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RIP Dr. Henry Heimlich, Inventor of the Heimlich Maneuver ( 51

tomhath quotes the BBC: Dr Heimlich died at the age of 96. He invented the lifesaving technique, which uses abdominal thrusts to clear a person's airway, in 1974. In May he used the technique himself to save a woman at his retirement home. He dislodged a piece of meat with a bone in it from the airway of an 87-year-old woman, telling the BBC: "I didn't know I really could do it until the other day."
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RIP Dr. Henry Heimlich, Inventor of the Heimlich Maneuver

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  • by Zibodiz ( 2160038 ) on Saturday December 17, 2016 @04:31PM (#53504801)
    RIP. While I don't know much about his life, that one brilliant idea has saved so many lives. That makes him a hero in my books -- and I don't bandie that term about casually.
    • Re: (Score:3, Insightful)

      by Dutch Gun ( 899105 )

      Absolutely agreed.

      From the article: notable people saved by this maneuver include former President Ronald Reagan, pop star Cher, former New York mayor Edward Koch and Hollywood actors Elizabeth Taylor, Goldie Hawn, Walter Matthau, Carrie Fisher, Jack Lemmon and Marlene Dietrich. An estimated 100,000 people have been saved in the US alone. Heimlich even saved a woman with the technique himself once. He said that he always wondered if he'd be able to perform the maneuver himself.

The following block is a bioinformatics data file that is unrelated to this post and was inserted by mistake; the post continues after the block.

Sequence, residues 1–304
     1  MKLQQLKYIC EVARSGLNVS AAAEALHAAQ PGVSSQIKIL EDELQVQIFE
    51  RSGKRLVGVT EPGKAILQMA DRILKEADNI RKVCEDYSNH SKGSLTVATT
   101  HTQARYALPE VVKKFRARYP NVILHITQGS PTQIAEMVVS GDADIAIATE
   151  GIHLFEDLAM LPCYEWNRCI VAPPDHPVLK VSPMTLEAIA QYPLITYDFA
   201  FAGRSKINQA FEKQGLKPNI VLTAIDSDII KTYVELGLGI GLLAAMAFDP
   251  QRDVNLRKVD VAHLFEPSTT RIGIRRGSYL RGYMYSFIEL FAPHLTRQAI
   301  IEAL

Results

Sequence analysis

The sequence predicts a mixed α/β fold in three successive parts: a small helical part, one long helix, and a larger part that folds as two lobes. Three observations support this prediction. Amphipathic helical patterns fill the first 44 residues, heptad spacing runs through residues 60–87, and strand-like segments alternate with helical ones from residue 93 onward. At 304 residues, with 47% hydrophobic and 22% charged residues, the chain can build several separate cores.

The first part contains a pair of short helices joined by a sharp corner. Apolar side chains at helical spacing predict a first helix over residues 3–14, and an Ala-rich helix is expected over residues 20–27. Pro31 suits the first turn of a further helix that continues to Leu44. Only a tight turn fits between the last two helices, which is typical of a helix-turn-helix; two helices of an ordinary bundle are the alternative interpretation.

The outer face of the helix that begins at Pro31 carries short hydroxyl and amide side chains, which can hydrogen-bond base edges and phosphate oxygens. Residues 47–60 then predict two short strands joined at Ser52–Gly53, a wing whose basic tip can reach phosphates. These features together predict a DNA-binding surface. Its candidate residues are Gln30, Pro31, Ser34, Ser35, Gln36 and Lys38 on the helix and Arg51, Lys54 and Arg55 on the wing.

It's nice to know his name

    • by Anonymous Coward

      There was a Dollop about him. I didn't know much of anything about him either, but it was definitely worth a listen.

    • RIP. While I don't know much about his life, that one brilliant idea has saved so many lives. That makes him a hero in my books -- and I don't bandie that term about casually.

      Bullshit, His son runs a website debunking the effectiveness of the Heimlich maneuver []. Why risk damaging internal organs without first trying a few good thumps on the back?

      • Why risk damaging internal organs without first trying a few good thumps on the back?